Washington Reaches $518 Million Settlement With Opioid Distributors
After months of complex litigation over their role in flooding Washington with highly addictive painkillers, the nation’s three largest opioid distributors agreed on Tuesday to pay the state $518 million, with the vast majority of it going to ease the addiction epidemic.
Attorney General Bob Ferguson announced the deal, noting that it is worth tens of millions of dollars more than Washington would have received from the companies if it had signed a national agreement reached last summer involving distributors and Johnson & Johnson.
The agreement still requires the approval of a judge and dozens of Washington cities that have pursued their own cases against distributors – McKesson Corp., Cardinal Health Inc. and Amerisource Bergen Corp.
Under the settlement, the state will have to spend $476 million of the total to address the opioid crisis, including drug treatment; expanding access to medicines for overdose; providing housing, employment and other services to those struggling with addiction. The rest of the money will go to legal costs.
“We could have joined the vast majority of states and negotiated with the biggest opioid distributors, but instead chose to fight them in court,” Ferguson said. “This decision to sue them will give Washington significant additional resources to fight the opioid epidemic.”
Earlier this year, the three companies announced that 46 states had signed a national settlement agreement that would see them pay out nearly $20 billion over 18 years.
Ferguson, a Democrat, refused to join, calling the state’s $418 million share from distributors insufficient. Instead, he decided to sue the three distributors and separately Johnson & Johnson.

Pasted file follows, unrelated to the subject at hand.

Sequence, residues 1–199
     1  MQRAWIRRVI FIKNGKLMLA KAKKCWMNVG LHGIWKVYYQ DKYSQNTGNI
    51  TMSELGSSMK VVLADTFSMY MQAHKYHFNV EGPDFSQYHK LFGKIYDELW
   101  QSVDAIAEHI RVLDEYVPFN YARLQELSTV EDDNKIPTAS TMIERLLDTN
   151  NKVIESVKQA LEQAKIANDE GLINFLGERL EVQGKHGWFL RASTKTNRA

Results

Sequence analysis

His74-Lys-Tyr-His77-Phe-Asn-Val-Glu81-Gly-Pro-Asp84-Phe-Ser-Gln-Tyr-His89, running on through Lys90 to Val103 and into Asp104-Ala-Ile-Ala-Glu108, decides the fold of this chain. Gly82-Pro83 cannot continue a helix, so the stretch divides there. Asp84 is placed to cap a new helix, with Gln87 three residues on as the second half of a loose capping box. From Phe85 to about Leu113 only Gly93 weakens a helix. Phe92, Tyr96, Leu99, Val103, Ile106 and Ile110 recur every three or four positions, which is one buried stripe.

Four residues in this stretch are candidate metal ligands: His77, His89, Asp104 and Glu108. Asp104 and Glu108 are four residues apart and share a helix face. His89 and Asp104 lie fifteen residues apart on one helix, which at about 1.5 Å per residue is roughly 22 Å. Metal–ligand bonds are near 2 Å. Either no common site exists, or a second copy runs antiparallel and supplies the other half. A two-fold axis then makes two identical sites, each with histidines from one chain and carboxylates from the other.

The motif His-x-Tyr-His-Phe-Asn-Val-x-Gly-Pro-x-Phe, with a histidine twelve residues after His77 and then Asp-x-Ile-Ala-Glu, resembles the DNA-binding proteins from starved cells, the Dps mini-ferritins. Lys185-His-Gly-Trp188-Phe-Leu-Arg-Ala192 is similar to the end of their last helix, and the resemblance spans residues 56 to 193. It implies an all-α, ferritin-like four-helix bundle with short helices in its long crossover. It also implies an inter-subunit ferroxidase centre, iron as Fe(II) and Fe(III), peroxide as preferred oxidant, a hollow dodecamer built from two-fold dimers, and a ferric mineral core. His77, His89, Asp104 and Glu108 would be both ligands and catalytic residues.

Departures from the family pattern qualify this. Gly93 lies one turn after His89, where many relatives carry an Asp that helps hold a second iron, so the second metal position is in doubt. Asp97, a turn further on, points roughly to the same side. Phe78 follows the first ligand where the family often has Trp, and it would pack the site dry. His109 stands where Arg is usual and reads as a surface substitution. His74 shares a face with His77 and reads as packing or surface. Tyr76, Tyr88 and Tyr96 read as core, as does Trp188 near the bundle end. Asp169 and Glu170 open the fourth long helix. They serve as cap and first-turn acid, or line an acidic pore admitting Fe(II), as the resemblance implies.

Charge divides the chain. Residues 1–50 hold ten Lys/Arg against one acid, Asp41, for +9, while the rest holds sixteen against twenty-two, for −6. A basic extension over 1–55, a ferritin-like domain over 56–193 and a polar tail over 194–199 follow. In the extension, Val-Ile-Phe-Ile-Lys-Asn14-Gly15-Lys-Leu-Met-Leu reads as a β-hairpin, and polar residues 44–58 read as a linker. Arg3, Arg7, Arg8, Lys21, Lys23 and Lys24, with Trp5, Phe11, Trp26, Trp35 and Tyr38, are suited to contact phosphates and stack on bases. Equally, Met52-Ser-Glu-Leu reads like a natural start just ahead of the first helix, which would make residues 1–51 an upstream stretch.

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The case against the distributors went to trial last November in Seattle’s King County Superior Court on charges of violating consumer protection laws and disturbing the peace, and the lawsuit against Johnson & Johnson is due in September.
The attorney general argued that the three companies shipped such huge quantities of drugs to Washington that it was clear they were addictive: opioid sales in the state rose by more than 500% between 1997 and 2011. of all prescription opioids were dispensed in the state—enough for a 16-day supply for each resident. In 2015, eight of Washington’s 39 counties had more prescriptions than residents.
The companies denied the allegations. They said they were merely supplying the opioids prescribed by the doctors and it was not their job to revise prescriptions or interfere with the doctor-patient relationship.
In addition, the companies argued that the state of Washington itself played a large role in the epidemic. In the 1990s, concerned about the undertreatment of people with chronic pain, legislators passed the Intractable Pain Act, which made it easier to prescribe opioids.
In a written statement on Tuesday, the distributors said the settlement “will further the companies’ goals of broadly resolving government opioid claims while providing meaningful relief to communities in the United States that have been hit by the opioid epidemic.”
Over the past two decades, more than 500,000 American deaths have been attributed to opioid overdoses, including prescription painkillers and illicit drugs such as heroin and illegally manufactured fentanyl.
In recent years in the US, many lawsuits filed by governments over drug losses have been settled – most have been settled, and some with court decisions or verdicts in lawsuits. According to the Associated Press, drug makers, distributors and pharmacies have negotiated payments totaling more than $40 billion so far.
The new settlement in Washington state is the largest single state-to-company or group-of-company deal, surpassing the $484 million deal announced in March between CVS and Florida.
Litigation takes place in the courts of West Virginia, Florida and California. The decision is yet to be made after another trial last year in West Virginia.